To provide more focused and dedicated scans, NeXpose has templates to be used for different multiple predefined scan types and you will get the flexibility to create your own. However, the existing templates cover a wide range of scenarios and include full/normal audit, denial-of-service, penetration testing, and database testing.

Moreover, NeXpose can also help you to identify known vulnerabilities along with the configuration compliance issues for:

* Web sites/services

* Databases

* Network equipment

* Operating systems

* Applications

All this detection happens during the same scan and from the same scan engine, hence it makes it simpler for you to configure and to get all the information you need at one time for any usage.

Vulnerability Reporting and NeXpose

For an ethical hacker or a professional penetration tester, the main challenge is to report what he or she has been doing in the overall vulnerability assessment or exploitation phases or the complete ethical hacking lifecycle execution. This requires some good presentations along with the technical details, as well as a business-related management summary so that an ethical hacker can explain what he or she has been performing while trying to ethically hack the targeted network. To achieve these tasks when you are finished with vulnerability scans or compliance scans, you can now assess the risk and determine what is most important for the targeted network environment. NeXpose includes several reports that help with this, including:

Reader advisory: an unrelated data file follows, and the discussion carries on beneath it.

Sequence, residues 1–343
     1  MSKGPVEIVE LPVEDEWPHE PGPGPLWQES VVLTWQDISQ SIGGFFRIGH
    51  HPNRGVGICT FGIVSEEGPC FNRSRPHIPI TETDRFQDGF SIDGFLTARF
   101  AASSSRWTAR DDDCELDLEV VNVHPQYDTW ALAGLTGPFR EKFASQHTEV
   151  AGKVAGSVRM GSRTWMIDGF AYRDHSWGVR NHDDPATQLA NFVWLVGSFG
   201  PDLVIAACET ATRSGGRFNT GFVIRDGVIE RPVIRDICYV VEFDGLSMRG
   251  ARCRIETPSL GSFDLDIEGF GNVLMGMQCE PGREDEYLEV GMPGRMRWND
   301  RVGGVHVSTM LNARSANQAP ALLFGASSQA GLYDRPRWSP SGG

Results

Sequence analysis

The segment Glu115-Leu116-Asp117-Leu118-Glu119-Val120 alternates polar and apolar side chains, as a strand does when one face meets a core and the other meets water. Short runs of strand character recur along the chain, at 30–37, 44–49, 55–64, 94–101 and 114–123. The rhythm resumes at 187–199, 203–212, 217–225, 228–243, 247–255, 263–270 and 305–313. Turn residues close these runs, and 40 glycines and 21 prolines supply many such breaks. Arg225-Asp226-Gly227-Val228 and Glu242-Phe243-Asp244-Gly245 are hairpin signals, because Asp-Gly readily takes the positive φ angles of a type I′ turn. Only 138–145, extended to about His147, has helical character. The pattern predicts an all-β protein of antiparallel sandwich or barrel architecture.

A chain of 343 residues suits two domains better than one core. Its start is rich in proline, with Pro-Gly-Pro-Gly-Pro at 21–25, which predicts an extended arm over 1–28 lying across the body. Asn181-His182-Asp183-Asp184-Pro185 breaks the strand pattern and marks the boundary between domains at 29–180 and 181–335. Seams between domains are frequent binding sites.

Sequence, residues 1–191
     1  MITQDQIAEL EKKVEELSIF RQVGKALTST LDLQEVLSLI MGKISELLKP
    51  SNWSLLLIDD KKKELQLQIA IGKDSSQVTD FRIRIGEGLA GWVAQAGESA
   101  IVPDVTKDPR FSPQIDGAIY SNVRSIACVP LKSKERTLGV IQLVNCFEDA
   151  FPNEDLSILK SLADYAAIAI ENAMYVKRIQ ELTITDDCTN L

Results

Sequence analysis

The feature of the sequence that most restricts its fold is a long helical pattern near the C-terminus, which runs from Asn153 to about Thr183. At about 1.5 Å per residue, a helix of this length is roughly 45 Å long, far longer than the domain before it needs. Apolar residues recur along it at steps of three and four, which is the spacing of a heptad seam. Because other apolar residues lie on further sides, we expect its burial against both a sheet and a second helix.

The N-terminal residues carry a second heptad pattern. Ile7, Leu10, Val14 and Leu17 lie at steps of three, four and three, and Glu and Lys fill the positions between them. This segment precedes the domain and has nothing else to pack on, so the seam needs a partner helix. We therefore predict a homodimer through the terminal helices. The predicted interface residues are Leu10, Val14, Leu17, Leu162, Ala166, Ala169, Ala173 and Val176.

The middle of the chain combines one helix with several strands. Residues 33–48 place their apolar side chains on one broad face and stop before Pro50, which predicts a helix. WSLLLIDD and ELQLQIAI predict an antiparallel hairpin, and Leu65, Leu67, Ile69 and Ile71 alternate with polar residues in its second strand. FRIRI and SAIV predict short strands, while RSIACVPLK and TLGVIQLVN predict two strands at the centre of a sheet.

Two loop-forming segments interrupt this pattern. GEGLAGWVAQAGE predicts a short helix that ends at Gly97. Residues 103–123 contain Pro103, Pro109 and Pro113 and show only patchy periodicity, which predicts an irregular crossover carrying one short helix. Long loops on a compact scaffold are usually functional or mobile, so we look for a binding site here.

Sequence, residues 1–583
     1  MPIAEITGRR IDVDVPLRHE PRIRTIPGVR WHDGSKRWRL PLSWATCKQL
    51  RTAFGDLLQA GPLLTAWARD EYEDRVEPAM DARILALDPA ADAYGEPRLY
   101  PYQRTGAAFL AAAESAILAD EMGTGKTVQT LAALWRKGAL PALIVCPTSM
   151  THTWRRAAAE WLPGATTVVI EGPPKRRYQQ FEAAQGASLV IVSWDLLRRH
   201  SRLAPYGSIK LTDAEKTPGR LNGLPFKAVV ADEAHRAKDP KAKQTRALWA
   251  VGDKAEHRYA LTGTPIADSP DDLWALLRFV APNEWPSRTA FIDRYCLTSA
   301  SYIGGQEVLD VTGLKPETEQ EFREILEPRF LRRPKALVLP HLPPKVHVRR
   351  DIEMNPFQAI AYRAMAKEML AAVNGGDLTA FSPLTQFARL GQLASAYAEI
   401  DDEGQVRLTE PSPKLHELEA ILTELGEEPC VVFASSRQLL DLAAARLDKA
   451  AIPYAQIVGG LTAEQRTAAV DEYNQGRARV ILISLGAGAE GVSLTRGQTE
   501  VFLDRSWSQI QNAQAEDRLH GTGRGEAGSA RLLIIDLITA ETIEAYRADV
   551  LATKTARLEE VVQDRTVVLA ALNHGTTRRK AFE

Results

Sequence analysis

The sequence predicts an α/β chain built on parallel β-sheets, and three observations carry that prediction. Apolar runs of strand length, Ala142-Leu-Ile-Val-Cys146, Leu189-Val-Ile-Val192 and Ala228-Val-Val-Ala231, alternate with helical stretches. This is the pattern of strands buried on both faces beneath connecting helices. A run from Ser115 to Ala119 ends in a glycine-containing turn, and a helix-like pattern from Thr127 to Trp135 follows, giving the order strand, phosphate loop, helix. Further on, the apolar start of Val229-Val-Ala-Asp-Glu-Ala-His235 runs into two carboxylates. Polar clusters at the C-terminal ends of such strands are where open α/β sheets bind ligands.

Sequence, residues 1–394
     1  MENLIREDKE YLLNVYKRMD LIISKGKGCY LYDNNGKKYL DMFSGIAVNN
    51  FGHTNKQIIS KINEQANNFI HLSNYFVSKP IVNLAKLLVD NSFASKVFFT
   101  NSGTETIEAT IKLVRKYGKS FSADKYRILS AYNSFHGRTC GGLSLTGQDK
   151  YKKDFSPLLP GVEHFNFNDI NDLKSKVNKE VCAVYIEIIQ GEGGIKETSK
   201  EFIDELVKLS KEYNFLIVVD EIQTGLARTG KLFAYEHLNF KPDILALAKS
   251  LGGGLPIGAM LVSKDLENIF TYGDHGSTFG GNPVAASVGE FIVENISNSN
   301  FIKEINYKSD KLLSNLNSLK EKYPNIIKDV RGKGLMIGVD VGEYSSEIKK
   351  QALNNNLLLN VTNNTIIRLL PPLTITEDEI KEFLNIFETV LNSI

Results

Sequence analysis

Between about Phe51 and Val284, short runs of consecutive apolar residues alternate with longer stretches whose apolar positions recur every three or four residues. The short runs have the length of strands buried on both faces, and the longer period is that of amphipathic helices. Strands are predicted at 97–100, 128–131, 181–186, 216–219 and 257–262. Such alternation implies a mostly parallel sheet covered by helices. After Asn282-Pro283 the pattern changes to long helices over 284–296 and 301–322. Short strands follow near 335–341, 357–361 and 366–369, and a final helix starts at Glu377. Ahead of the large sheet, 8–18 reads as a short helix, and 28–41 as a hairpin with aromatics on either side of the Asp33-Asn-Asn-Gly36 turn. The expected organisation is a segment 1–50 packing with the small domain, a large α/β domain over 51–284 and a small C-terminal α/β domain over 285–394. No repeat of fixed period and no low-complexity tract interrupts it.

* Prioritized Remediation Report

* Top 10 Vulnerability Report

* Audit Report

These reports conclusively cover all available patches and all known vulnerabilities in the targeted network environment and provide a prioritized list of which remediations will have the most impact on risk in the environment.

NeXpose also offers the flexibility to report on the assets and vulnerabilities that are important in the targeted network environment by means of rich asset and vulnerability filtering. Such reports can be automated from the UI or API so that as soon as a scan completes, remediation owners get the accurate and detailed information they need to do their jobs and stakeholders can get accurate information on how risk is changing over time. Report generation is another major factor to make this tool the best among the best because it will not disappoint you if accuracy in report generation is of more importance than simply dumping the report content.

In summary, NeXpose provides a detailed and in-depth vulnerability assessment and management along with a step ahead assistance in the exploitation phase of penetration testing or ethical hacking. It is recommended to have detailed hands-on skills if you want to stand out from others in the penetration testing field.

We hope this has been informative for you and thank you for completing the module. In the next module, a Metasploit in-depth study will be covered, and later we will explore how to work with NeXpose and Metasploit together to perform an extensive security assessment.